Dance Marathon funds go to research, comfort care
Toys, pajamas, and new hairstyles are all on the agenda this year. But so are new labs, more equipment, and research dollars.
When the University of Iowa Dance Marathon Allocation Committee meets in April to decide where the funds raised will go, the members will likely consider research just as much as comfort care.
In 2010, the Allocation Committee approved its biggest gift request to date — the $1 million UI Dance Marathon Pediatric Cancer and Blood Disorder Research Lab. The panel members said they hope the creation of this lab will be home to astounding pediatric cancer research breakthroughs and perhaps even a cure.
“By approving that donation, hopefully, it will allow more new doctors to conduct new research that will one day find a cure for childhood cancers,” said Kyle-Dale Walters, the executive director of Dance Marathon.
And that trend may continue this year.
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“All [approved requests] are important in different ways,” said committee member Kristen Sandberg. “Research is just as important as day-to-day funds such as patient comfort care, it’s just more long-term.”
The UI Children’s Hospital hopes to have the research lab completed sometime in 2011, but the exact date is unknown. The development of the lab depends on the dispersion of the donation — some of the funds were dispersed in 2010 and the rest of the funds will be distributed this year. UI Dance Marathon raised more than $1 million last year.
The approval by the Allocation Committee represents an increased interest in cancer research, said Bill Nelson, the director of the UI Office of Student Life and the Dance Marathon Allocations Committee head.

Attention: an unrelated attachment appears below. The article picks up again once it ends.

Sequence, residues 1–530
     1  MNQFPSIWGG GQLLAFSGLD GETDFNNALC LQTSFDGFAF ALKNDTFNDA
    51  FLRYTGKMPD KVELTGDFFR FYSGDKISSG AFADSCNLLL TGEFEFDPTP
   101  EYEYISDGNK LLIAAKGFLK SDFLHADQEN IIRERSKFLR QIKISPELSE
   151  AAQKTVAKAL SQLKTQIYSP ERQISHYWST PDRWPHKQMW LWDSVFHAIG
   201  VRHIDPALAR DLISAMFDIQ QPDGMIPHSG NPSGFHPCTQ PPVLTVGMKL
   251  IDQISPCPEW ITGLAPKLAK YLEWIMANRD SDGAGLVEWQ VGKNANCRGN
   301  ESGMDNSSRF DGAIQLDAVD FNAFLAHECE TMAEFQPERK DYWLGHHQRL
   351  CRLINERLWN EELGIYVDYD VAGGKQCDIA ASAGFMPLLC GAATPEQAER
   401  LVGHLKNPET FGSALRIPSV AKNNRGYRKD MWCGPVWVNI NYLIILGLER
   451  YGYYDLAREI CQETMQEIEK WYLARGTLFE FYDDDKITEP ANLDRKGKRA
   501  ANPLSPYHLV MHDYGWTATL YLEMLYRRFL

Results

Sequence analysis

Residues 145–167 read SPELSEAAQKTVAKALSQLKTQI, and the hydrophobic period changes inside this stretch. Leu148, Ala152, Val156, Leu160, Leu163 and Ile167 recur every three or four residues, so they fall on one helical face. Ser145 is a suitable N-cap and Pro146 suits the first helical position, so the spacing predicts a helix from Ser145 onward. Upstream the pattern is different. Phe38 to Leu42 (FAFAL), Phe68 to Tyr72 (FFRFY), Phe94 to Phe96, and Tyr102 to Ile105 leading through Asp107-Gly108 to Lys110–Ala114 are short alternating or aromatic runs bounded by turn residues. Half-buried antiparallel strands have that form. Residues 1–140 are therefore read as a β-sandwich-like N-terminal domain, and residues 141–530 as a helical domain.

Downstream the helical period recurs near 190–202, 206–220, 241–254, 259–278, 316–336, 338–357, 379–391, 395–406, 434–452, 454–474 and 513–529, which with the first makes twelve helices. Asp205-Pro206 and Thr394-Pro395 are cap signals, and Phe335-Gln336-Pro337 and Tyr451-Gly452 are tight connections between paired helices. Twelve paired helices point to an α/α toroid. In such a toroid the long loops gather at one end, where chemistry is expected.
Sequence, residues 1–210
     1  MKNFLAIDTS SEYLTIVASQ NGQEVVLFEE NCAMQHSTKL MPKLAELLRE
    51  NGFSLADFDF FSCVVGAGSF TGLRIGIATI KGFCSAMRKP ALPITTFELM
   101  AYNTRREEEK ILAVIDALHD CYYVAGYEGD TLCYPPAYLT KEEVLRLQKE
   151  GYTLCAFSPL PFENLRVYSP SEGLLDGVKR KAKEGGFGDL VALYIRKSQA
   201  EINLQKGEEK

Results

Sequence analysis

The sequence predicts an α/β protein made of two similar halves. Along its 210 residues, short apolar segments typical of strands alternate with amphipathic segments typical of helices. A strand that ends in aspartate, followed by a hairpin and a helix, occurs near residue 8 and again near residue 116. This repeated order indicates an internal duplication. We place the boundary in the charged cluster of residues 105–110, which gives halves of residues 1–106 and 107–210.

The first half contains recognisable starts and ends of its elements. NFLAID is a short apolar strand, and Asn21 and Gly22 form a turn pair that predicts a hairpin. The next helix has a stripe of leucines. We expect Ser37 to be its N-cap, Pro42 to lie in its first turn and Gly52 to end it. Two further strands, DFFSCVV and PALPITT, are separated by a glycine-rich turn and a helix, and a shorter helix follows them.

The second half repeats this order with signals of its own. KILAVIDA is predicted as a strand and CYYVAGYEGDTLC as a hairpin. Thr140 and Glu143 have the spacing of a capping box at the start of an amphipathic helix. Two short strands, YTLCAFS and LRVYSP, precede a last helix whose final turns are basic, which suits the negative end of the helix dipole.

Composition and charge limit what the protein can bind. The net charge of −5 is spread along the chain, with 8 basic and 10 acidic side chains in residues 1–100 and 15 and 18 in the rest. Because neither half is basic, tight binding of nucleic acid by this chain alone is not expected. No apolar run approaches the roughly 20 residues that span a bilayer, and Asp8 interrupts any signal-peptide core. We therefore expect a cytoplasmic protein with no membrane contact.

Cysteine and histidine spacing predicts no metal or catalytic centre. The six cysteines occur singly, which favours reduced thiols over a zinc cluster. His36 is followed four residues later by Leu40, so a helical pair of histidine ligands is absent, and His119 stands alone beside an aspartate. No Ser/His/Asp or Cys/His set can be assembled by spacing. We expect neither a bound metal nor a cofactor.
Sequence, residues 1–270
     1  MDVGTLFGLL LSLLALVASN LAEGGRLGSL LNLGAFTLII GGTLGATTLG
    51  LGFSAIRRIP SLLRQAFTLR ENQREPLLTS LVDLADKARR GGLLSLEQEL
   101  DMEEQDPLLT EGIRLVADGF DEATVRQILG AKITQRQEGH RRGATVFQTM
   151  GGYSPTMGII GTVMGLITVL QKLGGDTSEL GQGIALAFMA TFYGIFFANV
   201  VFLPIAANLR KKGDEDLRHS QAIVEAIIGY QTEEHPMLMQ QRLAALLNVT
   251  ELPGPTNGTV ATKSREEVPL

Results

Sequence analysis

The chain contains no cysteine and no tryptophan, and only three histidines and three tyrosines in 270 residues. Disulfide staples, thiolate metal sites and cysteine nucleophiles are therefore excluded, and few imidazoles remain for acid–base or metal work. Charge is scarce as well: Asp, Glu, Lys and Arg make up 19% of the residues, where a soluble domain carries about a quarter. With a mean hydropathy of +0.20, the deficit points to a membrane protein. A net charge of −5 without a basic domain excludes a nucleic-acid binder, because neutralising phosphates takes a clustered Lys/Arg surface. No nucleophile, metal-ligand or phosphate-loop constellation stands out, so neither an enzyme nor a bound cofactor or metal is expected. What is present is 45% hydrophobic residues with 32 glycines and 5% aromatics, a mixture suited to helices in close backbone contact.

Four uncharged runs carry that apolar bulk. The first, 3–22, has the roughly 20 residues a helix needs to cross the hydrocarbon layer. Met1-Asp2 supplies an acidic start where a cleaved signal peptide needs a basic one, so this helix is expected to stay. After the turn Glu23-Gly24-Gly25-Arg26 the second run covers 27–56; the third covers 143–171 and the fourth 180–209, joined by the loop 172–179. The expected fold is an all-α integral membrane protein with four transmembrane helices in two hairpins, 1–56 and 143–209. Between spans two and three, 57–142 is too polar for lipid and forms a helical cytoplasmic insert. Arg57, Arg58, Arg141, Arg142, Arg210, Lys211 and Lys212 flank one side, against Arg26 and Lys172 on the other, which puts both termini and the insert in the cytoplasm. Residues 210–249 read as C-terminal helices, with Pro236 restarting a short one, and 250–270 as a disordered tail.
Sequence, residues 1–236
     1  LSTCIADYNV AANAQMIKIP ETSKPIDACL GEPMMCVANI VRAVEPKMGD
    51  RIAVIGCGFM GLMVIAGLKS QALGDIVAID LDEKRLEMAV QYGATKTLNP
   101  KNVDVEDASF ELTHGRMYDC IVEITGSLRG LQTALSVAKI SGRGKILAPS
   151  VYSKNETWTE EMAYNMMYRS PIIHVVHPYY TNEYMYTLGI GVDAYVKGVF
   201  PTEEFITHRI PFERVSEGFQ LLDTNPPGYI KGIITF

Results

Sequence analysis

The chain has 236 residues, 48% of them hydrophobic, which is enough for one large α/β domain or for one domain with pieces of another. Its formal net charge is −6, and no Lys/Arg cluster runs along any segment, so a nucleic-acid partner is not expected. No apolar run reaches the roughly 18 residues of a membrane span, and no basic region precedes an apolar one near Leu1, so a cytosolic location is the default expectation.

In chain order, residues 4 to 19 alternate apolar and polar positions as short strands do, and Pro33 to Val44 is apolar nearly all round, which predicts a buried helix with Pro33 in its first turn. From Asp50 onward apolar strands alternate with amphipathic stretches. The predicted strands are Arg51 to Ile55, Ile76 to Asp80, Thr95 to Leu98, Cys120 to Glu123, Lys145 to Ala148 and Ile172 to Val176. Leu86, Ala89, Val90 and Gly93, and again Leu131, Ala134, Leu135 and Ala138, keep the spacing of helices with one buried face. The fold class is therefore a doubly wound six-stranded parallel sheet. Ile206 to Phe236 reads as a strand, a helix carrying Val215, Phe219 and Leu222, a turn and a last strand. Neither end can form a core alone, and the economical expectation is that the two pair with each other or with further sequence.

The committee also approved funding for various recurring projects, including the Pharmacy Co-Pay Program — which gives $1,000 to families for use toward medicine co-pays insurance may not cover — and summer family trips to Adventureland Theme Park.
“An important question that the students must ask is, how will Dance Marathon be recognized through this contribution?” Nelson said.
While the possibilities for requests are endless, he believes research, services, and emotional support should be the focus of the requests.
UI student dancers are slowly joining on the request for allocations process as well.
“There have been students who have requested mini-fridges be placed in the kids’ rooms so they can enjoy food from home,” Walters said.
According to its mission statement, Dance Marathon creates and sustains special projects as well as emotional and financial support for pediatric oncology and bone-marrow transplant patients and their families treated at the Children’s Hospital.
On Friday, the UI will host its annual Dance Marathon Big Event and the Allocations Committee members hope to receive as much, if not more, money than last year.
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